SHEBOYGAN, Wis. (AP) He's the last club pro standing at the PGA Championship.
The guys who play with Brian Gaffney back home aren't surprised.
Less than a week after setting the course record with a 63 back at Quaker Ridge near New York City, Gaffney is making his mark in the big time.
He finished the second round at Whistling Straits at even-par 144 and is a near-sure bet to make the cut at the PGA for the first time in four tries.
''He flew out there with a great mindset after firing birdie after birdie,'' Bill Mack, the golf committee chair at Quaker Ridge, said in a phone interview Friday night.
Mack and a group of friends from the course in Scarsdale, New York, celebrated Gaffney's achievement at dinner.
Gaffney will have to wait a few more days to get home. When he does, he'll have quite a story to share with his two young sons.
''Hopefully, my kids someday down the road will see some of these articles and be proud of me,'' Gaffney said after shooting a 1-over 73 in the second round.
The end of the second round was suspended when storms hit late Friday. It will be completed Saturday. With the projected cut line at 2 over, Gaffney is all but a lock to be there when the third round starts later in the day.
All the extra time that he has put into his game outside of his regular job as the PGA head pro at Quaker Ridge is paying off.
''It's not the only goal, but it's something that validates the hard work that I've put in over the years,'' Gaffney said.
He squeezed in practice time in between giving lessons, or after hours, along with all the other duties that come with being a club pro, Mack said.
Things started looking up last Saturday, when Gaffney set the course record before flying to Wisconsin.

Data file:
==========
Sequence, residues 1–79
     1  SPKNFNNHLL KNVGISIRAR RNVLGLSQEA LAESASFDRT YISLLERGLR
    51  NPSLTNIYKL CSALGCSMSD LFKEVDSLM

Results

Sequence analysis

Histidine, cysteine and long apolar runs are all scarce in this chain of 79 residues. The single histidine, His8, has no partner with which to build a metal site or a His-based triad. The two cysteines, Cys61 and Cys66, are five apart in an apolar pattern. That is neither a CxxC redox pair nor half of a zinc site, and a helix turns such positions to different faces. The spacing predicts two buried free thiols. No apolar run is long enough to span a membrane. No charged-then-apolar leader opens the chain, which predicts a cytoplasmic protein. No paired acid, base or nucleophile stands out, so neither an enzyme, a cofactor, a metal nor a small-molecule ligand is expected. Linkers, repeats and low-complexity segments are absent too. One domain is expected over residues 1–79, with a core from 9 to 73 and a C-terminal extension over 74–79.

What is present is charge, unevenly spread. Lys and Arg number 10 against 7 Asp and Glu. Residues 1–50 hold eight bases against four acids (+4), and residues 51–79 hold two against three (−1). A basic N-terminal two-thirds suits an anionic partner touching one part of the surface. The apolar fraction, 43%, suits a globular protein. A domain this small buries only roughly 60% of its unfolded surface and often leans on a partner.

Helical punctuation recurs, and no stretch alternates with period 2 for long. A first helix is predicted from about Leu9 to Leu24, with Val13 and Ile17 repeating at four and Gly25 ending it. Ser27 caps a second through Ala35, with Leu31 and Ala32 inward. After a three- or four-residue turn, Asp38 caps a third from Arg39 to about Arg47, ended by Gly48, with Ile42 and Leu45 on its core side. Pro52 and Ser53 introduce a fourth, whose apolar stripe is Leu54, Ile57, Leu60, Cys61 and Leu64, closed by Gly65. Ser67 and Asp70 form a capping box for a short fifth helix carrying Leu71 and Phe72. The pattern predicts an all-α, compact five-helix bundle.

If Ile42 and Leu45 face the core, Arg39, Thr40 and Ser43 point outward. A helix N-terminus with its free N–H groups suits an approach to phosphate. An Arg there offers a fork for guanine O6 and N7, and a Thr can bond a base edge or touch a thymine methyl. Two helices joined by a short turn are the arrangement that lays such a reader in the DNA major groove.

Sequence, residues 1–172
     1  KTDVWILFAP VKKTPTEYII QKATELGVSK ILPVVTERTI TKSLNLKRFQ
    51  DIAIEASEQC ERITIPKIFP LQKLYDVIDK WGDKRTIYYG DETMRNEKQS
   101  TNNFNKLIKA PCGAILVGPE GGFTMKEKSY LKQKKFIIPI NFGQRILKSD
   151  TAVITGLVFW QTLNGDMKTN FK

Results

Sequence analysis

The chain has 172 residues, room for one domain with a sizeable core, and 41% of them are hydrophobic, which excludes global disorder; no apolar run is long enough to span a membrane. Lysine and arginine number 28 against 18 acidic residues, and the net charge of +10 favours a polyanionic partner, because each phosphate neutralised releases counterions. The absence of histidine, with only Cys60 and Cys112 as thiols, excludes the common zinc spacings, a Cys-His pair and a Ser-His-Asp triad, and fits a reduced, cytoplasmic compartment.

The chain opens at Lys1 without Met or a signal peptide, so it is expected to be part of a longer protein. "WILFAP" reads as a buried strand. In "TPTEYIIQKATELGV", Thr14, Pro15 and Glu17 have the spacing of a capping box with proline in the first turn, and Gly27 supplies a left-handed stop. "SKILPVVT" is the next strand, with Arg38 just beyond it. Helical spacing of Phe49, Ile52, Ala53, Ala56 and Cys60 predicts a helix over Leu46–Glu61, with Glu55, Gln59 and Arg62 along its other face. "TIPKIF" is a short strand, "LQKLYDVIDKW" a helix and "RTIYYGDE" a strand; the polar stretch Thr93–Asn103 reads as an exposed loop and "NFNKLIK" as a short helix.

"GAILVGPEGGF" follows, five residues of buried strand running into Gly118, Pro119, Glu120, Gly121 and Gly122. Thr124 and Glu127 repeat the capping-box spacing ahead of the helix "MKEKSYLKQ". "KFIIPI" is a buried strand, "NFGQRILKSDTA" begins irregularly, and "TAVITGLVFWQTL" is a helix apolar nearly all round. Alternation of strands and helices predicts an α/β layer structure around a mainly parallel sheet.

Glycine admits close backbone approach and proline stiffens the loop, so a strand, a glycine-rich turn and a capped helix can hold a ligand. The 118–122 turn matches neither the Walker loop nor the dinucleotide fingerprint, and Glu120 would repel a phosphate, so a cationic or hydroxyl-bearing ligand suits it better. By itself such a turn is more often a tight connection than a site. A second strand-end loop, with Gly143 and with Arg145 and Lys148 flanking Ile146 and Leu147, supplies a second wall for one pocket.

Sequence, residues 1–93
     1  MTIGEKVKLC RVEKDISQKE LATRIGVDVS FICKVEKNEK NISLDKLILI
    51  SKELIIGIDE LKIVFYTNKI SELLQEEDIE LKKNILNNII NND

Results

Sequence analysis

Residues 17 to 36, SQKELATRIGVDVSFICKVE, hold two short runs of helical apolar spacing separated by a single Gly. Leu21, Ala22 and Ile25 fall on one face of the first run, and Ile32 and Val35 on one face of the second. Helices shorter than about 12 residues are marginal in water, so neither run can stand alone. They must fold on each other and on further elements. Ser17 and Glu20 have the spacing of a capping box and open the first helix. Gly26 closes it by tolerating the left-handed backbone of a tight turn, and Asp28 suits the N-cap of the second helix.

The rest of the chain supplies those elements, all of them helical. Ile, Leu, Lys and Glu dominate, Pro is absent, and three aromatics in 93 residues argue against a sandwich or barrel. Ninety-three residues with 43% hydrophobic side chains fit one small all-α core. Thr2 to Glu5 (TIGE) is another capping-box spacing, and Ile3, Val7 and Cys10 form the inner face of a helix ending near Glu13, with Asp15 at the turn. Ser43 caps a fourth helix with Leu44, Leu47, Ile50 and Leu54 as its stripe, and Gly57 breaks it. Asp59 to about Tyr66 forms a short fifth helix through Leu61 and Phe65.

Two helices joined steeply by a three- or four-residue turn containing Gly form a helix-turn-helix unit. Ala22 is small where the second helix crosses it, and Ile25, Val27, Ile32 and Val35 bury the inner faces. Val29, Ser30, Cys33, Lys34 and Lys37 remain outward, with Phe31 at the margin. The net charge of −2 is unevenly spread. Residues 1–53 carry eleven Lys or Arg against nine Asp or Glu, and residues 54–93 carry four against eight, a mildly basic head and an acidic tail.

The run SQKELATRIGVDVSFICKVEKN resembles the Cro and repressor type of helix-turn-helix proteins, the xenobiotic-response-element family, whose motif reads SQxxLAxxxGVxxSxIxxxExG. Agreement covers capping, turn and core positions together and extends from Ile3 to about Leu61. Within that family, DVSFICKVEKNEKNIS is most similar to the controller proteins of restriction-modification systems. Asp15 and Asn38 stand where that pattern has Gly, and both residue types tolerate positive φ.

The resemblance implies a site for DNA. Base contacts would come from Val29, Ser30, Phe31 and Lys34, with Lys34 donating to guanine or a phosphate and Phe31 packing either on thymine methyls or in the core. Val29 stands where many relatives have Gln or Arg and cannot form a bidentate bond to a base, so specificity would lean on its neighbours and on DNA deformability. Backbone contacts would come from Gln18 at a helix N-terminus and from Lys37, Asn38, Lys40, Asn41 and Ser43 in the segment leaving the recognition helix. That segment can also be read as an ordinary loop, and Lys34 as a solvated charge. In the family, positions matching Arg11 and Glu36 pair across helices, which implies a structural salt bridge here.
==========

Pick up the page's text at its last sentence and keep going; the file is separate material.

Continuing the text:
Once here, he more than played as if he belonged.
He opened with a 71 on Thursday with seven birdies, four bogeys and a double bogey. On Friday, Gaffney had four birdies and five bogeys.
He said he wasn't aware of what he needed to shoot to make it to the weekend. Feeling pressure, Gaffney was just trying to get past his mistakes.
''So, I wasn't really sure what to make of that as I was coming down the stretch,'' he said.
As it turns out, he's didn't have to worry too much.
Mack said Gaffney approached the weekend not wanting to wear out. Instead, Gaffney wanted to go out and study the links-style course along Lake Michigan.
''He took it easy, got to know the golf course, and was on his game,'' Mack said.
Gaffney, though, lamented that he was the only one of the 20 club pros who qualified for the tournament to make it through the weekend.
When he returns to his day job, he's going to parlay his experiences into an important lesson.
''I'm going to talk to those kids from the club, and tell them, `This is what you need to do to be better and let's dig holes together and try and figure it out,''' Gaffney said.